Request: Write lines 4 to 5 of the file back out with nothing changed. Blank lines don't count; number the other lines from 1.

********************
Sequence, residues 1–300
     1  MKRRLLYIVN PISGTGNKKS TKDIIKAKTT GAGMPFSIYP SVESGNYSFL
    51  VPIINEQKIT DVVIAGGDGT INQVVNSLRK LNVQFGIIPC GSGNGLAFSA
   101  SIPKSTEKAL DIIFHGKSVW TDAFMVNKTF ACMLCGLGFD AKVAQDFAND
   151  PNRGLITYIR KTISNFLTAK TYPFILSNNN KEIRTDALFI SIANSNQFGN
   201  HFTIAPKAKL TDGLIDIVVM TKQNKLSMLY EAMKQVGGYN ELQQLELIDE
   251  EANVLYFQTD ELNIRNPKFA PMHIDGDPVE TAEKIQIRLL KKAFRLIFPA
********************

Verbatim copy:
   101  SIPKSTEKAL DIIFHGKSVW TDAFMVNKTF ACMLCGLGFD AKVAQDFAND
   151  PNRGLITYIR KTISNFLTAK TYPFILSNNN KEIRTDALFI SIANSNQFGN